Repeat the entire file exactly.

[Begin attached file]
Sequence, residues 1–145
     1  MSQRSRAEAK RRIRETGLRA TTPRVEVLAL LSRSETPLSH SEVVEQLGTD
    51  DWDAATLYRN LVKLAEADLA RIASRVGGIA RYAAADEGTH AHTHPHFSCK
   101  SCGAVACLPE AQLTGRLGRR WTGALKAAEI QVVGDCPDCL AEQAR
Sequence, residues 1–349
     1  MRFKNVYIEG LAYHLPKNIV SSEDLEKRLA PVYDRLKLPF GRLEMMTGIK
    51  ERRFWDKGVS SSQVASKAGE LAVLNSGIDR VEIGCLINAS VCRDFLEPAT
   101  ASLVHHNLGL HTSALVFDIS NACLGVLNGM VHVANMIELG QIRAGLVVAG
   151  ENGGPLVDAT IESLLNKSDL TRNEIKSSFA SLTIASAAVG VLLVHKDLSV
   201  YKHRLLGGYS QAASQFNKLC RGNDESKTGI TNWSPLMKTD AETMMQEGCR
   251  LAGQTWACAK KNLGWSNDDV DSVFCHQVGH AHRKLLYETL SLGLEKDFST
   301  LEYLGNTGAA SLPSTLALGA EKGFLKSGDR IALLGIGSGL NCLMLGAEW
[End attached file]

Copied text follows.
Sequence, residues 1–145
     1  MSQRSRAEAK RRIRETGLRA TTPRVEVLAL LSRSETPLSH SEVVEQLGTD
    51  DWDAATLYRN LVKLAEADLA RIASRVGGIA RYAAADEGTH AHTHPHFSCK
   101  SCGAVACLPE AQLTGRLGRR WTGALKAAEI QVVGDCPDCL AEQAR
Sequence, residues 1–349
     1  MRFKNVYIEG LAYHLPKNIV SSEDLEKRLA PVYDRLKLPF GRLEMMTGIK
    51  ERRFWDKGVS SSQVASKAGE LAVLNSGIDR VEIGCLINAS VCRDFLEPAT
   101  ASLVHHNLGL HTSALVFDIS NACLGVLNGM VHVANMIELG QIRAGLVVAG
   151  ENGGPLVDAT IESLLNKSDL TRNEIKSSFA SLTIASAAVG VLLVHKDLSV
   201  YKHRLLGGYS QAASQFNKLC RGNDESKTGI TNWSPLMKTD AETMMQEGCR
   251  LAGQTWACAK KNLGWSNDDV DSVFCHQVGH AHRKLLYETL SLGLEKDFST
   301  LEYLGNTGAA SLPSTLALGA EKGFLKSGDR IALLGIGSGL NCLMLGAEW